At the other end, academy chains and “entrepreneurial” head teachers trade on student exam grades for success to get government funds. The recent exposure of Liam Nolan shows how that segues into regular capitalist market economics and profit-grabbing. Nolan spoke at Tory party conference as Michael Gove’s star head teacher. David Cameron personally praised him. He became “CEO” of an expanding chain of academies. Now Nolan has been forced to resign because “his” academies were paying large sums, without contracts, to a company, Nexus Schools Ltd, which in turn paid cash to him, on top of his declared salary, through a business of which he was the sole director.
The relentless pseudo-market pressure squeezes out real education, creativity, imagination, life, from students and teachers alike. Many subjects are marginalised. Others, like mathematics, are reduced to stereotyped mechanical procedures, because those are easy material for setting exams and marking them cheaply. The great 20th century mathematician David Hilbert famously remarked of a student who gave up maths in order to become a poet: “Good. He did not have enough imagination to become a mathematician”. But the exam boards’ thin substitute for maths is almost imagination-free.
Tony Blair said: “Education, education, education!” He meant: “Exams, exams, exams!” The Tories say: “Marketise, marketise, marketise”. The fight against the Education White Paper should become a springboard for a fight for real education, without exams, grades, and league tables.
Battle on academies is not over!
The existing legislation around academies and the government’s revised proposals still amount to a threat to make all schools academies. These include:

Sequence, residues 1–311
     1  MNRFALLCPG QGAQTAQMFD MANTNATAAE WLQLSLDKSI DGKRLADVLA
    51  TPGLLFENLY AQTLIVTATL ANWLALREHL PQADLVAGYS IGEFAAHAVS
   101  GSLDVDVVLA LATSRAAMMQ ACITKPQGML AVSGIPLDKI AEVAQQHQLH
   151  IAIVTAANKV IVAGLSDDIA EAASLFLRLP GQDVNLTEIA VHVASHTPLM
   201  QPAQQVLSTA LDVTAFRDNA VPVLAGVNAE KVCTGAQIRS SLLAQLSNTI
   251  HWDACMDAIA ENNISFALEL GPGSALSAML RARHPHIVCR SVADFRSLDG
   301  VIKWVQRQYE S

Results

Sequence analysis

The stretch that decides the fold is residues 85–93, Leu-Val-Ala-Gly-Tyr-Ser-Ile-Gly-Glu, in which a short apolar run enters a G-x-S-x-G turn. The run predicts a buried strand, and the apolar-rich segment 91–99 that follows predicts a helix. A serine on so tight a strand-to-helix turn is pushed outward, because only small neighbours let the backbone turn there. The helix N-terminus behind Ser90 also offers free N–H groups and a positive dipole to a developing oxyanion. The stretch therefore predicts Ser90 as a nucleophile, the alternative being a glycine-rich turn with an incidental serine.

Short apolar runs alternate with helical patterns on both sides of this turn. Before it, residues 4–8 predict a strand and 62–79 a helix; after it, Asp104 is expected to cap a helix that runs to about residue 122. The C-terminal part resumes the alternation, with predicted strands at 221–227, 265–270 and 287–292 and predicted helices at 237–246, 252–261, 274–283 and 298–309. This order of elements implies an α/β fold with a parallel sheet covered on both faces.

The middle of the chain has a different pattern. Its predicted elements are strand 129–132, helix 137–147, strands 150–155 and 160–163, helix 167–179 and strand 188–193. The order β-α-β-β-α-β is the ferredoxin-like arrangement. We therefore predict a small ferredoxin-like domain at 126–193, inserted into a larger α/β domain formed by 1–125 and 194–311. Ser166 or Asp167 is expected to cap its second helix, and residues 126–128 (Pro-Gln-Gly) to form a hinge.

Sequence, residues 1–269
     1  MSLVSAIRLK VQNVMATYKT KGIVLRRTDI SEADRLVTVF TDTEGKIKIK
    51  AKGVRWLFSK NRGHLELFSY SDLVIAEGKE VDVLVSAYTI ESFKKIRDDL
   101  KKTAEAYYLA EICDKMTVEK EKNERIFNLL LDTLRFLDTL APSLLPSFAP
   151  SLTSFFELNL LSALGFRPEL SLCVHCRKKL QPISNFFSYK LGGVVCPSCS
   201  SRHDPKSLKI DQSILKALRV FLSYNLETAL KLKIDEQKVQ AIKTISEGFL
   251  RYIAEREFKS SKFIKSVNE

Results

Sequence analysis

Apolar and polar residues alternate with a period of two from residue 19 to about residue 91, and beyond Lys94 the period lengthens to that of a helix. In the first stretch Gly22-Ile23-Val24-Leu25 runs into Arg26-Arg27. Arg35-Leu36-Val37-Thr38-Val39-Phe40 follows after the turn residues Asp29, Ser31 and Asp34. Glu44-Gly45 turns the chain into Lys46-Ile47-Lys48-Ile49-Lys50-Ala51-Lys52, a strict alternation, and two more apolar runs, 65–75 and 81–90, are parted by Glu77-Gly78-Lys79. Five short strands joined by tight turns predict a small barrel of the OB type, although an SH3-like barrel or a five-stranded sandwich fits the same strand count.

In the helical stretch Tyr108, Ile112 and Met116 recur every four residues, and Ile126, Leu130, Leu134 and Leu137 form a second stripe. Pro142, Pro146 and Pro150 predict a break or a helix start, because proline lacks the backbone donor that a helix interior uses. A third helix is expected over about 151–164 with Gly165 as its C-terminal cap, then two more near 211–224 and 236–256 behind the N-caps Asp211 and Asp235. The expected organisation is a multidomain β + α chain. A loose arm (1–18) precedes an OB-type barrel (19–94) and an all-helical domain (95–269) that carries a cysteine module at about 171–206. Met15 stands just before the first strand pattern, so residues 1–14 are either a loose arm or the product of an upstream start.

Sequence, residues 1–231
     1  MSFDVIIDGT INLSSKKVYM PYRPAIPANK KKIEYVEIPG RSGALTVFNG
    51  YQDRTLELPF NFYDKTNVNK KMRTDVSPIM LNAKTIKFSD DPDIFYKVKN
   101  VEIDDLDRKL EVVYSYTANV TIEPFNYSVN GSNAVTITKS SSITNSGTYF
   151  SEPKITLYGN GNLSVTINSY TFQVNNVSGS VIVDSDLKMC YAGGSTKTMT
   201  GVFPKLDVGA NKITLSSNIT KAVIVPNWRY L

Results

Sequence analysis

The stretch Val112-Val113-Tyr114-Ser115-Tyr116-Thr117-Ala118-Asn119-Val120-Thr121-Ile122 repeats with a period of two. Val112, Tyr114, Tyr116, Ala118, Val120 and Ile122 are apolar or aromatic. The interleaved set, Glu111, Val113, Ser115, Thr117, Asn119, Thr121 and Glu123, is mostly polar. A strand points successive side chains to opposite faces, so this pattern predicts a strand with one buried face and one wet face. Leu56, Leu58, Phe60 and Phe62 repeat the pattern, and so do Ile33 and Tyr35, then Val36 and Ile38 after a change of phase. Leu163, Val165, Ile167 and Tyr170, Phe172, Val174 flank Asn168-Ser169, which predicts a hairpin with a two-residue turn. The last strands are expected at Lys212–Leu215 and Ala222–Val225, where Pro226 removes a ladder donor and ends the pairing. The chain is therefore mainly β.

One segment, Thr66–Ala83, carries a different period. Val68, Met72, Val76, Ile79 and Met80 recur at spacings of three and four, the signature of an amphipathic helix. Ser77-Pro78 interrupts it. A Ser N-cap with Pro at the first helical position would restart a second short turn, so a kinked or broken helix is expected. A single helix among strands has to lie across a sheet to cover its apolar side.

• Every single school rated “inadequate” by Ofsted will be turned into an academy
• Coasting schools will be put on a “notice to improve”. “Coasting” will be based on data on pupil progress (and in primary schools attainment) over a three year period.
• All schools in a Local Authority will be forced to convert if (a) the number of academy schools in that area reaches a “critical mass” which means that the LA can no longer viably support its remaining schools or (b) “where the LA consistently fails to meet a minimum performance threshold across its schools”.
• DfE will continue to encourage “good” schools to convert. It is vital, therefore, that the campaign continues with the same energy and drive. To oppose as many individual conversions as possible and what the academy plan means for our school system. To argue for a different system. Every school that converts brings all the other schools in its area closer to that “critical mass” and forcing all schools to convert. A decision by a school to become an academy is not just a matter for that school, its pupils, parents and staff.
We also need to press Labour local authorities to take a harder line on academy proposals. They can and should put more obstacles in the way, promote themselves as the most effective school improvement support service, advocate for all children and under no circumstances promote academy conversions.